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How do Waste to Energy Plants Work?

written by: Rafael•edited by: Lamar Stonecypher•updated: 1/12/2010

There are many places in the world (and in the US) where waste is used to generate electricity. Waste to energy plants are seen as a way to solve two of today’s most pressing issues: energy scarcity and reduction in waste to be disposed.

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    In a previous article I have discussed why we as humans would process waste (mainly solid) as a source of energy. There is plenty of waste to collect and dispose so why not use some of them to obtain some energy?

    On the other hand, waste is a problem for our society because waste is a source of environmental and public health concerns. Both problems (increased amounts of solid and liquid waste being generated and tapping new sources of energy) can be solved by looking at waste as an alternative source of energy. Technology is available to efficiently convert waste to energy.

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    Waste to Energy plants: How do they work?

    Basically, a waste to energy plant work very much like a coal (or petroleum) plant. But instead of burning coal (or oil), a waste to energy plant uses garbage as fuel. In very simple terms a waste to energy plants follows four basic processes:

    1. The waste (plant fuel) is burned. Heat is released.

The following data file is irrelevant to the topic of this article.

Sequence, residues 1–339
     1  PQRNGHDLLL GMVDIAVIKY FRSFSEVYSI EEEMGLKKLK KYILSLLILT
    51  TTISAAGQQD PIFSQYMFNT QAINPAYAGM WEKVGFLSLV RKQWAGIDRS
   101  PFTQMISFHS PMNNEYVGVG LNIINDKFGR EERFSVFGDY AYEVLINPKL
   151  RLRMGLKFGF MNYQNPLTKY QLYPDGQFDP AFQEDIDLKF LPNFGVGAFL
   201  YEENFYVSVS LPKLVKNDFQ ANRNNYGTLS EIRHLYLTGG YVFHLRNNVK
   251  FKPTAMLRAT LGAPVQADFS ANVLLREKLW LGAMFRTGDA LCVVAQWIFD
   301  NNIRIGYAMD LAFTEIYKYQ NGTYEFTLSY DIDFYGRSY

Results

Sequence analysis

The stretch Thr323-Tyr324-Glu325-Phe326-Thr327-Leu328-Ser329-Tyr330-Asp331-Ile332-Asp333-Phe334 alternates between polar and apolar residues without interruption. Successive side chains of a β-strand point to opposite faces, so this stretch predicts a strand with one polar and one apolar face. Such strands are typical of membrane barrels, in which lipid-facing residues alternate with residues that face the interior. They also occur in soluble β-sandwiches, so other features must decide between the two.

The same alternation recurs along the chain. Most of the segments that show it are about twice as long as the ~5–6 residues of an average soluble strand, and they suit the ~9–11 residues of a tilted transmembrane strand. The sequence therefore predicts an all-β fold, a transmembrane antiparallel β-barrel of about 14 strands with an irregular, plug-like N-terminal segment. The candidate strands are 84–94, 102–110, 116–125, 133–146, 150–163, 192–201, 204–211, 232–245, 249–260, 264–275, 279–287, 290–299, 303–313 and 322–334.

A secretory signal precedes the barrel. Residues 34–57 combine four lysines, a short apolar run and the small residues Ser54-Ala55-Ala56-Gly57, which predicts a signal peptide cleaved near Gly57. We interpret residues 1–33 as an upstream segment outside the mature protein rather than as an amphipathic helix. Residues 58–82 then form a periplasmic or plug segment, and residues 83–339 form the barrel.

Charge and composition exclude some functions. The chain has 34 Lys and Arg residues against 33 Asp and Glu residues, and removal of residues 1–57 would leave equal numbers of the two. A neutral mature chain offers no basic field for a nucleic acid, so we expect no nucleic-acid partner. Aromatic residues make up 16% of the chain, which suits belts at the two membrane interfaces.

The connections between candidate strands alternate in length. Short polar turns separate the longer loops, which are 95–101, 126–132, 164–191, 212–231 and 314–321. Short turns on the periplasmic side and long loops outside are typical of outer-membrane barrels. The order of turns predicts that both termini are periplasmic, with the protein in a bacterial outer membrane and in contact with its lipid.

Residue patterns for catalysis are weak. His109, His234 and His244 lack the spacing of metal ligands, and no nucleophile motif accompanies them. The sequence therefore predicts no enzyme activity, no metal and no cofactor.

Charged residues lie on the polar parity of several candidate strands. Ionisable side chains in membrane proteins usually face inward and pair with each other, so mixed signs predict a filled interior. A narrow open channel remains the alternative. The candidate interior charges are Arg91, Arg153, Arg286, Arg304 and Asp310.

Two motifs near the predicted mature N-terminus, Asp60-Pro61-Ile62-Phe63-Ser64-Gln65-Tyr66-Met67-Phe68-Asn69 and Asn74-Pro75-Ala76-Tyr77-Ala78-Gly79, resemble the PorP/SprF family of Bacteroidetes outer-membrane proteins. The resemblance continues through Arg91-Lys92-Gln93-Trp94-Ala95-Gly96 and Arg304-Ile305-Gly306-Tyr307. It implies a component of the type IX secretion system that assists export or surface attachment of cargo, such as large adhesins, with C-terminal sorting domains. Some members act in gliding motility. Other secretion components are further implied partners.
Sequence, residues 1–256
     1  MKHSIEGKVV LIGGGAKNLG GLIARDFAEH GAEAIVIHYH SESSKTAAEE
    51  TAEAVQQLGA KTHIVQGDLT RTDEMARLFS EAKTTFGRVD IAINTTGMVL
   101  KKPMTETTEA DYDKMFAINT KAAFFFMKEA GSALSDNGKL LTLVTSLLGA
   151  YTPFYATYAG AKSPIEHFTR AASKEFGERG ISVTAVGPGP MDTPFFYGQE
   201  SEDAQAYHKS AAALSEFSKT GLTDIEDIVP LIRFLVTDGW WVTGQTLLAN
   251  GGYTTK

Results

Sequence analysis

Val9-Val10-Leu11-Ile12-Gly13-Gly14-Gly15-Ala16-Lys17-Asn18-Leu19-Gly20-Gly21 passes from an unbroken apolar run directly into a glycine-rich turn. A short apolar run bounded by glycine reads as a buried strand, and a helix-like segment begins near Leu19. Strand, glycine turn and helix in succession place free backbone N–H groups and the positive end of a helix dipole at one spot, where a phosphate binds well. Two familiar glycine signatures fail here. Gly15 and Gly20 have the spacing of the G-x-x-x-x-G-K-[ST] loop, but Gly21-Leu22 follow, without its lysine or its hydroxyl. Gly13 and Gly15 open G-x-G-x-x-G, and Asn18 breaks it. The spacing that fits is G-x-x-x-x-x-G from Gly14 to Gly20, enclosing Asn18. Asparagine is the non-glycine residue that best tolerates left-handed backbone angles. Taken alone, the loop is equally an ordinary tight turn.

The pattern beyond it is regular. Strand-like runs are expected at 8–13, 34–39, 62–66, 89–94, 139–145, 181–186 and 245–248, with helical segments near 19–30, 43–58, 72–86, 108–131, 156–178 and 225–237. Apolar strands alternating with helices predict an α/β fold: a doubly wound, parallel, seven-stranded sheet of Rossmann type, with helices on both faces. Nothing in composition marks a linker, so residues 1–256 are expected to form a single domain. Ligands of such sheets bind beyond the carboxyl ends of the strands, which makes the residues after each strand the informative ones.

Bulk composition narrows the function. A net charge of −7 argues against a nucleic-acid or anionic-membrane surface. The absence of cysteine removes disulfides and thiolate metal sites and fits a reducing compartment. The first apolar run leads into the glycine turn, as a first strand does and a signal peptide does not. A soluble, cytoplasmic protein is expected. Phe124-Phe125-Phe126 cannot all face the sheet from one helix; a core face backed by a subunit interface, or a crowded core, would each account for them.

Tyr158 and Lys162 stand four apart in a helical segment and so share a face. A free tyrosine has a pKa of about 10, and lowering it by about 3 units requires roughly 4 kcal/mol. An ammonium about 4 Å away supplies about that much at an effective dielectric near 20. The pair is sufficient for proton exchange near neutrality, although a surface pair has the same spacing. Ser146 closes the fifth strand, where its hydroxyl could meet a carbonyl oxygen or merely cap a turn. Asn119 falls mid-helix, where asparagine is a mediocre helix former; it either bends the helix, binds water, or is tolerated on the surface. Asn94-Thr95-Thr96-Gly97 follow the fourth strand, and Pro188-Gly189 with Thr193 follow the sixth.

2. The heat is used in a boiler to convert water into steam.

    3. The steam is used to move the blades of a turbine to generate electricity.

    4. The generated electricity is sent, along power lines, to the final users (homes, schools, businesses).

    Experts have calculated the amount of energy that can be “extracted” from solid waste. A typical mix of urban solid waste (that includes paper, plastic, some organics) can produce more than 500 kilowatt-hours (kWh) of electricity per 1000 Kilograms. Thins electricity is said to be enough to be used by an office in a building for an entire day.

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    Waste to Energy Plants help to Reduce the Amount of Waste to Dispose

    In addition to generating energy from solid waste, a waste to energy plant helps decrease the amount (tonnage) of waste needed for final disposition in landfills, reducing, thus, the environmental and public health concerns. Burning waste leaves a small fraction of solid waste called ash. The percentage of ash left, after using waste to generate electricity, is variable and depends on the waste being used but it can range from 15 to 20%. So, 100 Tons of solid waste can be reduced to 15-20 tons of ashes to finally dispose in a landfill.

    There are many places in the world (and in the US) where waste is used to generate electricity. Waste to energy plants are seen as a way to solve two of today’s most pressing issues: energy scarcity and reduction in waste to be disposed.

    Source:

    Turner and Heffington. 2004. Energy Management Handbook: CRC Press